The 24 Hour Society.
A world-wide phenomenon which promises radical change. There is much more to it than all-night shopping at supermarkets.
By Leon Kreitzman
Leon Kreitzman is one of the current seers on time and our time-stressed society. This book is full of challenging thoughts but best of all is the way he reconciles globalisation with that last great frontier of night…there is no night except where you are. Suddenly you can regain charge by being a 24 hour person. The great thing about the book is it can help us avoid time-stress. And the implications on town planning and marketing are riveting. If getting attention is hard all day maybe it could be easier at night to a smaller but suggestible market in Asda.
Is time under our own control at last?
“If there are no limits to the beginning and the end of the day, then we no longer have to squeeze things in. We create more space which means we don’t feel guilty about taking time to exercise or have a chat with friends.” (C. Usher, The Guardian.) Yet many people feel there is a scarcity of time and huge pressure (especially young working mothers.)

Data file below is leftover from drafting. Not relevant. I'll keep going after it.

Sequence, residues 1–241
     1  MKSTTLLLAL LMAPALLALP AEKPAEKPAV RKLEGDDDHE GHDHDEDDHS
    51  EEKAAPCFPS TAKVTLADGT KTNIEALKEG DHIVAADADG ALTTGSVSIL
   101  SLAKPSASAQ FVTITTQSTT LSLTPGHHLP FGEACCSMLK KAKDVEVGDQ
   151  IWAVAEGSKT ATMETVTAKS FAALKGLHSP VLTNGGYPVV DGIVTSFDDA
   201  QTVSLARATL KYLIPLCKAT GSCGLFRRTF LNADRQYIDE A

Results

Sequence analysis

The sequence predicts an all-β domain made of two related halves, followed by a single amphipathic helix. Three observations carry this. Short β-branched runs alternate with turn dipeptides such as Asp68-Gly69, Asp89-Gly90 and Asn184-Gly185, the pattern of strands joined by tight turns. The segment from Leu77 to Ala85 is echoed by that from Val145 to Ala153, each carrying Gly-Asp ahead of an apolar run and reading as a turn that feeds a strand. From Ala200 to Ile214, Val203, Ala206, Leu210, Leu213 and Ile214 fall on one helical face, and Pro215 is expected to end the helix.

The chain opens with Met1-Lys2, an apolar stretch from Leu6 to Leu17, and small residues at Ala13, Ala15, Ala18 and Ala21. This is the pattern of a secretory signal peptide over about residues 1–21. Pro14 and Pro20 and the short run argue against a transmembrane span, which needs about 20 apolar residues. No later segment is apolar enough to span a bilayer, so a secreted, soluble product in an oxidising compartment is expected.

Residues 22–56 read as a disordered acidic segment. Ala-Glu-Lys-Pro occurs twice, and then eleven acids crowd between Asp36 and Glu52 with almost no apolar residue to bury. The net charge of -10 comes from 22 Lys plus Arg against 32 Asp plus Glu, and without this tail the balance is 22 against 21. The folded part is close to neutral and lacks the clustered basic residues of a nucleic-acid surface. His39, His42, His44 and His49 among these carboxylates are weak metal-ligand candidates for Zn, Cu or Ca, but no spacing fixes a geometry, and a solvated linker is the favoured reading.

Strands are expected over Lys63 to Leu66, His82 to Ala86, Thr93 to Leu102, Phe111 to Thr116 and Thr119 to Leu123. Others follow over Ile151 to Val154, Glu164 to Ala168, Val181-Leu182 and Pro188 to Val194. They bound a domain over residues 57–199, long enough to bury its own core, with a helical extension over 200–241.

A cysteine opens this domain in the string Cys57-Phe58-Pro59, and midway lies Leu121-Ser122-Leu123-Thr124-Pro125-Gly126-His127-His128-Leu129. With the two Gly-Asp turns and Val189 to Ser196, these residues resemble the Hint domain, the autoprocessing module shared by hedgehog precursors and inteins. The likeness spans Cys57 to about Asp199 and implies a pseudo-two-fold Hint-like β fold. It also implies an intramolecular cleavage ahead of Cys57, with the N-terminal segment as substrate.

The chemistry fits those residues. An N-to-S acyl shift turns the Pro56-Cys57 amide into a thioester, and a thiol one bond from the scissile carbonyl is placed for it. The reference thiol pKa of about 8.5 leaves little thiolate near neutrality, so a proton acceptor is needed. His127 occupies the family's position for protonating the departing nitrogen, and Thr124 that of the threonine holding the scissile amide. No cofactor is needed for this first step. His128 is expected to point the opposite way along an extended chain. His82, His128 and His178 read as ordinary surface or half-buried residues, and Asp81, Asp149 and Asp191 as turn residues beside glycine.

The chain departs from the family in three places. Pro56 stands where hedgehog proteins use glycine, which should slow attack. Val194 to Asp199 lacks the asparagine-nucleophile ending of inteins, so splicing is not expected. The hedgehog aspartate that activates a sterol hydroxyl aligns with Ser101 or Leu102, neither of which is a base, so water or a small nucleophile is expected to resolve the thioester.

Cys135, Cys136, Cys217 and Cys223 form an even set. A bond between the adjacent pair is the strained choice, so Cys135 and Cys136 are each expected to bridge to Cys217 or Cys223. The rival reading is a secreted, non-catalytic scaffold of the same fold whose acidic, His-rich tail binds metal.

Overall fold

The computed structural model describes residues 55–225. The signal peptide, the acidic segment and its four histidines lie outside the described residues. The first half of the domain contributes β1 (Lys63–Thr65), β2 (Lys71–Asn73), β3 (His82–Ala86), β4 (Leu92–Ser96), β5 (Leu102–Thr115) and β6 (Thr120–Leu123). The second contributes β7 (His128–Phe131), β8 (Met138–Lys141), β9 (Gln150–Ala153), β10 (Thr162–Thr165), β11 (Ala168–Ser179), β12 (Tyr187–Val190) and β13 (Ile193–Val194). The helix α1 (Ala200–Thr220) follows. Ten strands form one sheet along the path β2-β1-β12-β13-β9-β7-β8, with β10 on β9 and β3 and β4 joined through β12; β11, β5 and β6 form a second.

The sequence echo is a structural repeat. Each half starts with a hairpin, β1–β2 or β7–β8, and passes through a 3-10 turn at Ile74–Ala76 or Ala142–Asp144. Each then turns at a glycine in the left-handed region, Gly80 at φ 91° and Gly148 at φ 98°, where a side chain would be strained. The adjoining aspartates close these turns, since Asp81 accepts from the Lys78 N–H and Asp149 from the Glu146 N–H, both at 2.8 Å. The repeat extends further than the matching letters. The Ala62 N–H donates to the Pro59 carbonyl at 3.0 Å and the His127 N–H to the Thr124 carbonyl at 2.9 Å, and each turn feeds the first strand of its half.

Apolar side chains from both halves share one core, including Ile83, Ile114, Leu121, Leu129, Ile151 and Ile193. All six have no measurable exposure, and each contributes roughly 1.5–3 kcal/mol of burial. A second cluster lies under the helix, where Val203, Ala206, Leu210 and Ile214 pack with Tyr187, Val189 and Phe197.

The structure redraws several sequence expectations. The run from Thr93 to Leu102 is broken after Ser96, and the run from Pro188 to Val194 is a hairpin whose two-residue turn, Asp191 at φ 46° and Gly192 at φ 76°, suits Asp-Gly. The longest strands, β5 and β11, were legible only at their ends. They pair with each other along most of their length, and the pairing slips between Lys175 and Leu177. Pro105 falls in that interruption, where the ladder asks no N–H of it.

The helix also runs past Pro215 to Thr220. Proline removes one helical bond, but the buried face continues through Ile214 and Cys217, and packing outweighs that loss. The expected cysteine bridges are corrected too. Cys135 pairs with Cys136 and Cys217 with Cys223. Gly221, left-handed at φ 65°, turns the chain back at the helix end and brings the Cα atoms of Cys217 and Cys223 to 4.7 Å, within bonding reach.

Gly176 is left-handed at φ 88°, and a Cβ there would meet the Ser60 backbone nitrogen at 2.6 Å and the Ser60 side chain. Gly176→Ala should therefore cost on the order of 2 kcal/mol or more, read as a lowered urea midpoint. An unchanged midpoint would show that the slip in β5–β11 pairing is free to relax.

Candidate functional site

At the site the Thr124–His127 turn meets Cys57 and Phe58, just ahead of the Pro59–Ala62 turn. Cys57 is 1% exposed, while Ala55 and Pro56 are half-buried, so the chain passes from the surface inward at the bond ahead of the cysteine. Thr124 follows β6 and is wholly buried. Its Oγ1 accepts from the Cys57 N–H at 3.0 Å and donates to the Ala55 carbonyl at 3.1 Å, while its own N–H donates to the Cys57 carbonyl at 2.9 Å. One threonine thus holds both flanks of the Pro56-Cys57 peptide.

We work harder now
Stone-Age man worked 15 hours a week. We now work 15 hours a day.
Night used to be a frontier – no longer
“Customers want what they want when, where and at a price they dictate”. When means 24 hours a day – banks, office shops like Kinko, supermarkets, clubs, bars, libraries (BathUniversity), MRI scans. Sunday also used to be a frontier – long gone (except in parts of Scotland.)
The 24 hour site
Middlebrook, Bolton is a template based around leisure first not retail, although retail has followed. “The iconic Reebok Stadium lies at its heart and the equally impressive Bolton Spirit of Sport sculpture now lies at the principal entrance to the development.” Says the website and they’re right to be proud.
Who are the late night supermarket shoppers and why?
- Wheelchair users
- Young mothers with babies
- Singles (some supermarkets arrange singles nights).
- Young working Mums or Dads
Women at work changes needs
1971 45% women 25-34 at work; 2008 73% – over 50% of workforce in most major UK cities (not London) are women. Women are becoming the key in purchasing power and workplace voice.
Stress grows with choice and time pressure